The other is Analog microphones + digital effects & synths -> digital recording -> analog recording -> conversion to voltages which are amplified -> conversion to speakers which move your ears
Honestly, as long as the digital sample rate is high enough (these days, it always is) and you listen to the record on a quality hi-fi, and you take care of your records, then you aren't losing anything, except convenience. But yeah, you aren't really gaining anything either, unless you count the ability to do record-scratching (which can also be done digitally) and being more forced to listen to a whole side of a record before flipping it or changing records, instead of the modern ease of the "next track" button.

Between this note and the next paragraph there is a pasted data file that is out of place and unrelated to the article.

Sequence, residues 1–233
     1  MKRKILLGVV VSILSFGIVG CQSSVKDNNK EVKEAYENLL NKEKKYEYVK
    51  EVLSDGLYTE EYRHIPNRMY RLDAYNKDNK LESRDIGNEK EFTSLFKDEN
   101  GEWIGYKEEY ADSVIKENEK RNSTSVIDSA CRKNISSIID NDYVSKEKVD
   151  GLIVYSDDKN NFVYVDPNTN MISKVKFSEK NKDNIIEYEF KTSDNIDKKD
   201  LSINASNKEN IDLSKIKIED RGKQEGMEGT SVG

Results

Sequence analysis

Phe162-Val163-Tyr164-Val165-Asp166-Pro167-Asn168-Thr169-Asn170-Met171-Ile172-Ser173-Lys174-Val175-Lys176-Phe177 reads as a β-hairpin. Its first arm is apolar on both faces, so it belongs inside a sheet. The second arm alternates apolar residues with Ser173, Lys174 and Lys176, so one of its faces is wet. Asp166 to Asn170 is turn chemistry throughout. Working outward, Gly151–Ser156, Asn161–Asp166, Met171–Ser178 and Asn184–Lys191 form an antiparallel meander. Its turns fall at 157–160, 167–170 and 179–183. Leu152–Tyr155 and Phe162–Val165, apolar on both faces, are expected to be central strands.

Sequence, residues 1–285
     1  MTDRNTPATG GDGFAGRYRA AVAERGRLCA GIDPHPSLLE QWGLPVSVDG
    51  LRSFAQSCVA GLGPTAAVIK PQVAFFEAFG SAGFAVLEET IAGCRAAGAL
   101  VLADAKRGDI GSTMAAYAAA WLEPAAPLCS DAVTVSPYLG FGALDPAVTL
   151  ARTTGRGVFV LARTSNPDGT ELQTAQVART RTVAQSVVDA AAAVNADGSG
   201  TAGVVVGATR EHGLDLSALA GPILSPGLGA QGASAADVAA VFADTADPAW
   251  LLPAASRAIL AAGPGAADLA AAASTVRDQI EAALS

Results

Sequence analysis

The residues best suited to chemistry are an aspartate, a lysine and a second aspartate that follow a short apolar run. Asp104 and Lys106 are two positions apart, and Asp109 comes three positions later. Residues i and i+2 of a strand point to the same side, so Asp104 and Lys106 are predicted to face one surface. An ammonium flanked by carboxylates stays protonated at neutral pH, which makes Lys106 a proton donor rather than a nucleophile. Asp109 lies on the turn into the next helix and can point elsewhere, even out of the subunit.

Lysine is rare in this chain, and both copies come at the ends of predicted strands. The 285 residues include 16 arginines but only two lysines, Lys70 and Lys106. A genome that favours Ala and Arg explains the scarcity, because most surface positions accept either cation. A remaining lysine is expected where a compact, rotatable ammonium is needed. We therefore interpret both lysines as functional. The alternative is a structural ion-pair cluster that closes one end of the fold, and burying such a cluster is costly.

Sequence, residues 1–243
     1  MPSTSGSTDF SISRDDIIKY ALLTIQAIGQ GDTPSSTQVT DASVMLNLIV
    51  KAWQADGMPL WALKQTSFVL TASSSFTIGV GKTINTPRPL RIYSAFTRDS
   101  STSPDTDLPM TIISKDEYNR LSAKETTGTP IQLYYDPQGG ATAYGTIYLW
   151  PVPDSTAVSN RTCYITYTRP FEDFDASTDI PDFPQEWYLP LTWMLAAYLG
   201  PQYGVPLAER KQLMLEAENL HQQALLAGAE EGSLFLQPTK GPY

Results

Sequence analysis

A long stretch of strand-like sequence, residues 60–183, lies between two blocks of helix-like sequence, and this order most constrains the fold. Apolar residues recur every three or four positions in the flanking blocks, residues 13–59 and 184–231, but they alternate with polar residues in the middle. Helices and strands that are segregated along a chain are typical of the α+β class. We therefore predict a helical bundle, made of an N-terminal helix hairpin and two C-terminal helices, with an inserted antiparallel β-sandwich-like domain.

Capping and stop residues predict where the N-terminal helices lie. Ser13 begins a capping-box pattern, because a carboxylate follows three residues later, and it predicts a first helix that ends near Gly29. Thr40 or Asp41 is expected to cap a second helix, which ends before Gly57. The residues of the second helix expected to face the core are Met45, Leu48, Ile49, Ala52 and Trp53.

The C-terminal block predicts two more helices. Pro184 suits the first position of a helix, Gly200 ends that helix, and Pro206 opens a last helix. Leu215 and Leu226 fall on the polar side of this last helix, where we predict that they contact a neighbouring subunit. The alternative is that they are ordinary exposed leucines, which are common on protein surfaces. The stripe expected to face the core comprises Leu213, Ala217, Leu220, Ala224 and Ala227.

By all means, go buy an original vinyl album in good condition instead of a "Remastered anniversary edition", where, yeah, they tend to compress the mix and amplify the result. Or go buy a vinyl album because you are a DJ who actually knows how to spin vinyl. Or shit, go buy vinyl because you're nostalgic for the way things used to be, if that's what you're in to. But don't buy vinyl because you think it's gonna sound better than digital. That is, unless you group together the hiss of a low-quality hi-fi setup, and the clicks and pops from mishandling an record over time somehow improve the sound. And even if you do want that, There's an App for That.
Heuristics are bug ridden by definition. If they didn't have bugs, then they'd be algorithms.